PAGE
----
U.S. District Judge Amit Mehta, an appointee of President Barack Obama, ruled in favor of the House Committee on Oversight and Government Reform on May 20 and gave Mazars LLP seven days to comply with the committee’s subpoena.
Mehta also denied a request by Trump’s attorneys to stay the decision pending an appeal. The ruling marked the first time a federal court has remarked on how far House Democrats can go to probe Trump’s business affairs.
Trump told reporters the decision was “crazy” and that it would be appealed.
“It’s totally the wrong decision by, obviously, an Obama-appointed judge,” Trump said.
On May 14, Mehta heard oral arguments on whether Mazars LLP must comply with the subpoena.
Trump’s lawyers argued that the subpoena didn’t have a valid legislative function and that the Democrats are on a quest to “turn up something” they “can use as a political tool against the president now and in the 2020 election.”
“They have made clear that this is not about legislation. They want to know if there has been any wrongdoing,” the president’s attorney William Consovoy said. “That is not the purpose of Congress.”
Douglas Letter, a lawyer for the House committee, argued that the subpoena fell within the authority of Congress. Mehta appeared to side with Letter’s argument.
“We have an obviously legitimate purpose,” Letter said. “Congress obviously serves an extremely important informative function for the American people.”
In his ruling, Mehta said the committee “has shown that it is not engaged in a pure fishing expedition for the President’s financial records.” The documents sought by the committee assist Congress in passing laws and performing other core functions, the judge said.
“It is simply not fathomable that a Constitution that grants Congress the power to remove a President for reasons including criminal behavior would deny Congress the power to investigate him for unlawful conduct–past or present–even without formally opening an impeachment inquiry,” Mehta said.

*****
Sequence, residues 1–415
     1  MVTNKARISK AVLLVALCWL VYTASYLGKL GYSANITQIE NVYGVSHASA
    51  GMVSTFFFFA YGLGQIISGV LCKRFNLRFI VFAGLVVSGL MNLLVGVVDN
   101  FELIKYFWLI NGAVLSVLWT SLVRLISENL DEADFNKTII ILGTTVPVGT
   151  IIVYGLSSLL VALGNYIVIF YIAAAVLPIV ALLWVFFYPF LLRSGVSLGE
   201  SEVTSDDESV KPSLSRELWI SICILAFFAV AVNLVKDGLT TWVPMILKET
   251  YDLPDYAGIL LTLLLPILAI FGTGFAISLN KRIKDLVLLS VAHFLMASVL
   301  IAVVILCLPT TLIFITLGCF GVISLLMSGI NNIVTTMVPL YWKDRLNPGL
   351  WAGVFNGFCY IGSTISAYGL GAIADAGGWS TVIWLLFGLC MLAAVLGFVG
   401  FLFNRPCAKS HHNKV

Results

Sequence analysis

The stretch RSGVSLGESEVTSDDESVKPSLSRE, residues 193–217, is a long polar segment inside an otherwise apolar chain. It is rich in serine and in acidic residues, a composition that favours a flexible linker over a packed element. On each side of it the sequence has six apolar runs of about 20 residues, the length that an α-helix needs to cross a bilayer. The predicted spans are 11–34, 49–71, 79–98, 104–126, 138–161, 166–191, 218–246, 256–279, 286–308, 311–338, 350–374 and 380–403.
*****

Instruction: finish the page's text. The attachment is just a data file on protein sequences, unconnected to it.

Trump views various Democrat-led inquiries as an effort to impede his work. Democrats started investigating the president after gaining control of the House of Representatives in the 2018 midterm election. The number and intensity of the investigations ramped up greatly after special counsel Robert Mueller concluded that Trump didn’t collude with Russia.
On May 20, the White House told former White House counsel Don McGahn to defy a subpoena to testify about Mueller’s probe before a different congressional committee. Trump has also asserted executive privilege over the redacted portions of the special counsel report in response to another subpoena.
The oversight committee claims that it needs Trump’s financial records to examine whether he has conflicts of interest or broke the law by not disentangling himself from his business holdings.
Mazars has avoided taking sides in the dispute and said it will “comply with all legal obligations.”
A judge in Manhattan is scheduled to hear arguments May 22 in a similar lawsuit Trump filed to block subpoenas issued to Deutsche Bank AG and Capital One Financial Corp.
The effort to obtain Trump’s financial records was one of three investigations launched by Democrats on three key House committees on April 3. The other probes are seeking the commander-in-chief’s tax returns and the unredacted Mueller report. The number of inquiries led by House Democrats has since grown to 10.
The White House is refusing to comply with the Democrats on most fronts. Treasury Secretary Stephen Mnuchin defied a House Ways and Means Committee subpoena for Trump’s tax returns. The White House, at the request from Barr, asserted executive privilege over the redacted material in the Mueller report.
Democrats have responded by threatening and acting on threats to hold officials in contempt and asking the courts to intervene.
Reuters contributed to this report.